Last week, lawmakers gathered in Albany to meet with New York Gov. David Patterson in response to his new budget that failed to include funding for research programs that were funded last year. One noticeable absence was $450,000 in funding towards Cornell’s Program on Breast Cancer and Environmental Risk Factors. According to Newsday, without these same funds that the program received last year, the researchers would be forced to discontinue their work. The proposal also did not include the $300,000 for a hotline for breast cancer patients and their families based out of Adelphi University in Garden City, N.Y.
BCERF is part of the Sprecher Institute for Comparative Cancer Research within the College of Veterinary Medicine. It is currently funded by the New York State Departments of Health and Environmental Conservation as well as the United States Department of Agriculture.
Bipartisan lawmakers, including Assemblyman Marc Alessi (D-Shoreham) and State Senator Craig Johnson (D-Port Washington), suggested combining agencies, like the Transportation Department and Thruway Authority, to preserve funds for research. The group also proposed cutting back on the celebration of the 400th anniversary of Henry Hudson’s discovery of the Manhattan and Hudson rivers.
“It was the wrong time and the wrong priority . . . . To put these two institutions [BCERF and the breast cancer hotline] on the chopping block is outrageous,” Johnson said in a Newsday article.
However, according to Jeffery Gordon, a spokesman for the State Division of the Budget, this year’s budget proposal by Paterson was structurally the same as last year’s. The previous executive budget also did not contain specifics about funding for Cornell’s breast cancer research or other projects concerning the Environmental Protection Fund (EPF). Rather, the executive budget is sent to the legislature, which revises the budget and delineates funds for programs within the EPF.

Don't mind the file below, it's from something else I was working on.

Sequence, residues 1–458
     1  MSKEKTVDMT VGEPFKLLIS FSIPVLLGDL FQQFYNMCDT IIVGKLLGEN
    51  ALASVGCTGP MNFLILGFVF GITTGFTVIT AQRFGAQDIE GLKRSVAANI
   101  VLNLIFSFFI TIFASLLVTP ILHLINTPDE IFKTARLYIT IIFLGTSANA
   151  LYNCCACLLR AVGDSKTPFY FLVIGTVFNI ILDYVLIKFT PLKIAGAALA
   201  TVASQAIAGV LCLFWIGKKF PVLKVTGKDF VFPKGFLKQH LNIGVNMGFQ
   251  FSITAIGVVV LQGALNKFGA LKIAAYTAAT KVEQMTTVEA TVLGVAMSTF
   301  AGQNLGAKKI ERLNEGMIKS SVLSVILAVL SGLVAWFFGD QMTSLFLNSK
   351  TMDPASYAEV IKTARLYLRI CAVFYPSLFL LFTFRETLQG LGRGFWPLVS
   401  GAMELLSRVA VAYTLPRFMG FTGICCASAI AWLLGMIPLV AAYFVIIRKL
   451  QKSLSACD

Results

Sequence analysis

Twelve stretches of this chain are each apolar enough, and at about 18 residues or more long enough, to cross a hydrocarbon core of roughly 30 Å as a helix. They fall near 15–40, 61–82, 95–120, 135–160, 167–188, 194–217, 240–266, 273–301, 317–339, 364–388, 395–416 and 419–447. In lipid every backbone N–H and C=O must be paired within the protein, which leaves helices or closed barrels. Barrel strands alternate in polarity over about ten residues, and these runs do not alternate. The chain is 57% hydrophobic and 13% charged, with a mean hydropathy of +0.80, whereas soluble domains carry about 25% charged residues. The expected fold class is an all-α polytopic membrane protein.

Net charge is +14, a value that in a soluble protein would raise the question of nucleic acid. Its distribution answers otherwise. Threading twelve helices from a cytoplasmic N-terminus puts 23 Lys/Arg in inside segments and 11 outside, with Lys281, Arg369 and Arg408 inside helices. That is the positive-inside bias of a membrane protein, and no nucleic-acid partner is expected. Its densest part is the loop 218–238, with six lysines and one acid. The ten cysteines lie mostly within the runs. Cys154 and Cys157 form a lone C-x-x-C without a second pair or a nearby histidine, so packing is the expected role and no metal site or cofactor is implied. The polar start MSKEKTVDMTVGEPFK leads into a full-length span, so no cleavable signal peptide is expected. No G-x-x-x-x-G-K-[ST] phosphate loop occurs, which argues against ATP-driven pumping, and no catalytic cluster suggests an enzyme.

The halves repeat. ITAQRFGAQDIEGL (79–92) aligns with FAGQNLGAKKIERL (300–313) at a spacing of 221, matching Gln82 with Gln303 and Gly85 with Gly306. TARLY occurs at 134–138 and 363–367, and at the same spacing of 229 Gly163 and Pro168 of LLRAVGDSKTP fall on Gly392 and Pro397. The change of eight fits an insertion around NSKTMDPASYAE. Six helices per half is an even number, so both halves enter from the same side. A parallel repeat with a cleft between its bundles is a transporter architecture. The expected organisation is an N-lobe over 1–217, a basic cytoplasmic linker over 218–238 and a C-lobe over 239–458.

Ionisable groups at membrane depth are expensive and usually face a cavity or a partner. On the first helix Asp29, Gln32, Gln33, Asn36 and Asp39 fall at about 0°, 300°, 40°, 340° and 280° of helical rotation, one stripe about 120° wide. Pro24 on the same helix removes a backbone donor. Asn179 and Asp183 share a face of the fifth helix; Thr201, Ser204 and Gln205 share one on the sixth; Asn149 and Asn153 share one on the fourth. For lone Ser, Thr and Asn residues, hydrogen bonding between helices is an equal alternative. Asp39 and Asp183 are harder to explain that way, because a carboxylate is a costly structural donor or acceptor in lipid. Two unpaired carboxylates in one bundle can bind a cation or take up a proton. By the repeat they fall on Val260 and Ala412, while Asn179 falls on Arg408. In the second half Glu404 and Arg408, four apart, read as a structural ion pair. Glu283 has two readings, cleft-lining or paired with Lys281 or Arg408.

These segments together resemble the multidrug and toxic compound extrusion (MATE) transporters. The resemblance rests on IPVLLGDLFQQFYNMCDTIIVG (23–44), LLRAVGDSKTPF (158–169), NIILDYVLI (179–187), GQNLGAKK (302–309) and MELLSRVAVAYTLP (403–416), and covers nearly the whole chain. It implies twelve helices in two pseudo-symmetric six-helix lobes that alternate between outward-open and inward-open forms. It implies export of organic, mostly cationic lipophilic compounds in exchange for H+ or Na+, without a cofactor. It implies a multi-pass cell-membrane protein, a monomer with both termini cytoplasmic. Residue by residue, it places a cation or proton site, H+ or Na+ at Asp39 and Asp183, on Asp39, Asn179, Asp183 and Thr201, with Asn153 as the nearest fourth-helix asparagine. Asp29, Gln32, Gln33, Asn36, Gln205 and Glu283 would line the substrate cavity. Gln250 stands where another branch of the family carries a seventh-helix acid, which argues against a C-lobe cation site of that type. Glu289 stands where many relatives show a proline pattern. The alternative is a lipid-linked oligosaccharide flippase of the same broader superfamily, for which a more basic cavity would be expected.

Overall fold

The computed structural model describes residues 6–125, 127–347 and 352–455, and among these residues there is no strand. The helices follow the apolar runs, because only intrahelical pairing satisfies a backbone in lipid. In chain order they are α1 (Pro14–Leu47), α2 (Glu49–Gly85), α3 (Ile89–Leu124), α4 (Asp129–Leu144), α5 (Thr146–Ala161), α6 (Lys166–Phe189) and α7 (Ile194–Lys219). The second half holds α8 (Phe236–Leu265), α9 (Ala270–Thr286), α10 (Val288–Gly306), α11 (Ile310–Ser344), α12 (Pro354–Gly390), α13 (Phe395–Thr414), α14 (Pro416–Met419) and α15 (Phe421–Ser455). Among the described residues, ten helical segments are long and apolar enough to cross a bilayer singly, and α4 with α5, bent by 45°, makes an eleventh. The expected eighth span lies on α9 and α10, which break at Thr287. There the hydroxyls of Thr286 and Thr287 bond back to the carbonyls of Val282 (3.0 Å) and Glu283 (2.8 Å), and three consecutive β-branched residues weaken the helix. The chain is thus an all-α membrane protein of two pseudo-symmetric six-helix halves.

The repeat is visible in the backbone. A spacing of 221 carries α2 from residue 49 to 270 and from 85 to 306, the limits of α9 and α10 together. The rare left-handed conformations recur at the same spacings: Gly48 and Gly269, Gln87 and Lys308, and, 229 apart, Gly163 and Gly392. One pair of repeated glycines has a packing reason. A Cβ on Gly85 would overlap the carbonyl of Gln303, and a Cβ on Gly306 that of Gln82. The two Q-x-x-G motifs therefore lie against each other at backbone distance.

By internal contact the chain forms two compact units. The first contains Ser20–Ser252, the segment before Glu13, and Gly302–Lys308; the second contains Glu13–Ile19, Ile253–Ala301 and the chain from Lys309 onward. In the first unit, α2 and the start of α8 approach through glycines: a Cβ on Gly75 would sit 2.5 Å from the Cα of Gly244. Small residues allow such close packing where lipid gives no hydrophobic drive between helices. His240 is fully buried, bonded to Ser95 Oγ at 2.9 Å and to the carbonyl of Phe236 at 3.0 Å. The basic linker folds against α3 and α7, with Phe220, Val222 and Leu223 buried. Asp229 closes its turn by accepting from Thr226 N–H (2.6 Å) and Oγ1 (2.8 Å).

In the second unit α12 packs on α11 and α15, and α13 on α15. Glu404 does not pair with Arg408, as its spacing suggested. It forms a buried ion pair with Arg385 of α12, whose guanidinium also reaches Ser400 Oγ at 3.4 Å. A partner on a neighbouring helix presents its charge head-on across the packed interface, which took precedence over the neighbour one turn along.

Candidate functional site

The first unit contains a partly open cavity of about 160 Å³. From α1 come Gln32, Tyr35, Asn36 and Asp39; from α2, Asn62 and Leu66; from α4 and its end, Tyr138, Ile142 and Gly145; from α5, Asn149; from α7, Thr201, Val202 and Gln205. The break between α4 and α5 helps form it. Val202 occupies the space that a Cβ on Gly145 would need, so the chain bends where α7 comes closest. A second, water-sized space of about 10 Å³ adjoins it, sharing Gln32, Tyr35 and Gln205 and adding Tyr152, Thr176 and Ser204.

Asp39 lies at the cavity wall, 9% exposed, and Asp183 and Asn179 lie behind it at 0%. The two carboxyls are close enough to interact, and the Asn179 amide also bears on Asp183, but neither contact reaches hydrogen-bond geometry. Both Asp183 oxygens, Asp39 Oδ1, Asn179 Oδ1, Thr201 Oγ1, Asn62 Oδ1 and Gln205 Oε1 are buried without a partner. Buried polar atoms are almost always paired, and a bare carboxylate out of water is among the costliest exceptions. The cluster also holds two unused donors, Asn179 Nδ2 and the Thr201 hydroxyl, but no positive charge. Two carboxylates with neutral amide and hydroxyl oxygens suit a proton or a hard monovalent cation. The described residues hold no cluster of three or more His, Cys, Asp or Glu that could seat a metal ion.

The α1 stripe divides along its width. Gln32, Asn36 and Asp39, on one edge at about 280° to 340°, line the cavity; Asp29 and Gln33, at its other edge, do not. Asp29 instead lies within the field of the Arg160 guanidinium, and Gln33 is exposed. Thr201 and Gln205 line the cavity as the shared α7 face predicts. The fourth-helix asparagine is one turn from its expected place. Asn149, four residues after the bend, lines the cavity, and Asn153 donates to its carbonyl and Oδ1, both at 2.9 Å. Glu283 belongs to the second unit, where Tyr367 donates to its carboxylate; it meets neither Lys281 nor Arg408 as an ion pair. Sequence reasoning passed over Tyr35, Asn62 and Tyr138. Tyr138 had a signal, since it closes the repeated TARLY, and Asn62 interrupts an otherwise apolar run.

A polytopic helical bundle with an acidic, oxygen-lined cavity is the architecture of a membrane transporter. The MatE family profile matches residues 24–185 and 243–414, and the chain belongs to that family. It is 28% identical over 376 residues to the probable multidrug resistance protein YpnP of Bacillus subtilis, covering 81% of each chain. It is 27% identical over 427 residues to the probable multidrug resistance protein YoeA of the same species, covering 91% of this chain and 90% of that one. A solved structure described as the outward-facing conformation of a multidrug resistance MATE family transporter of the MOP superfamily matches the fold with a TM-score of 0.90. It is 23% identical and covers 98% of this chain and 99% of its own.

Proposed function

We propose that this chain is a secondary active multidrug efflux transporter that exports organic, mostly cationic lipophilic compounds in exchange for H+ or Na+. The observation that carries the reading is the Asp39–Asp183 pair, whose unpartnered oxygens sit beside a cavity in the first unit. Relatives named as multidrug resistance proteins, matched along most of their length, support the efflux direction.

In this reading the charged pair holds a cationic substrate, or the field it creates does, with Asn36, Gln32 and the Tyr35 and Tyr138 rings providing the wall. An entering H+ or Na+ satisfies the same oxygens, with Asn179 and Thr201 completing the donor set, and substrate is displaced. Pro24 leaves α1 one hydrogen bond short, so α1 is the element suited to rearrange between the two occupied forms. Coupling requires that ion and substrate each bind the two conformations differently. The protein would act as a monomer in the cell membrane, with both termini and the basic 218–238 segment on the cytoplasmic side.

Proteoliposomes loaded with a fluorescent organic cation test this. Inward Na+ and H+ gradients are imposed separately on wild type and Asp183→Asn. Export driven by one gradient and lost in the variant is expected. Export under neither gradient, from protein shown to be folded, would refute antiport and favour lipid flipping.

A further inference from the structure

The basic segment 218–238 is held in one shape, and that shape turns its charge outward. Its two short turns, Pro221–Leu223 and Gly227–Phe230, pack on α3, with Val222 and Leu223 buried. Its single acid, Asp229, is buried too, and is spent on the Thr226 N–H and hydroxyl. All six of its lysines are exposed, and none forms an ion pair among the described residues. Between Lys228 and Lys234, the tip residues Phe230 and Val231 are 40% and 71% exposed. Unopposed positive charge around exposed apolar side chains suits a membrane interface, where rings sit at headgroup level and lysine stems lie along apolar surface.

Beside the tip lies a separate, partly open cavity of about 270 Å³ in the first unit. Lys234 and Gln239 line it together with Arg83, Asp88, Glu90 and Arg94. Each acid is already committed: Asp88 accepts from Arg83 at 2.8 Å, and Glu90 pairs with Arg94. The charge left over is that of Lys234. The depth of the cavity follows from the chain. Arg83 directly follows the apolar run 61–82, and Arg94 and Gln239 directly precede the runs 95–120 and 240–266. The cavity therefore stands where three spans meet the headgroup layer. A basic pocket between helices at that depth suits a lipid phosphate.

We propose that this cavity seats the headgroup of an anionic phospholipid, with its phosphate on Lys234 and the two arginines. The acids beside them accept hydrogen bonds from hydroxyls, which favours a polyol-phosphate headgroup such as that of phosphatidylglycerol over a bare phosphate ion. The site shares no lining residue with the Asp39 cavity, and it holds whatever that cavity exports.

“Discussions are ongoing. This project, along with all other proposals to reduce spending, will be considered in that context,” Gordon said.
Thus, funding for the programs have not officially been cut yet since the legislature has not yet determined the specific allocations. According to Gordon, the legislature should be coming out with its version of the budget in the next couple of weeks. He expects the final budget to be announced by the end of the month.
Founded in 1995, BCERF conducts research surrounding environmental risk factors associated with breast cancer development. According to Suzanne M. Snedeker, BCERF associate director for translational research, the program seeks to raise breast cancer awareness and education. BCERF also works to translate research so that it can be used by the public, medical professionals, educators, activists, scientists, the regulatory community and policy makers.
“It has been such a privilege working with the people in this state who are so eager to understand this complex disease that affects so many …. We’d like nothing more than to continue this effort, yet are very aware of the difficult times we’re in,” stated Carmi Orenstein, BCERF assistant director, in an e-mail.
However, Stephanie Specchio, College of Veterinary Medicine director of communications, said that although New York state should technically pass its budget on April 1, it has been delayed in the past. Specchio did not want to speculate on why the funding to Cornell’s program was not included in the budget proposal.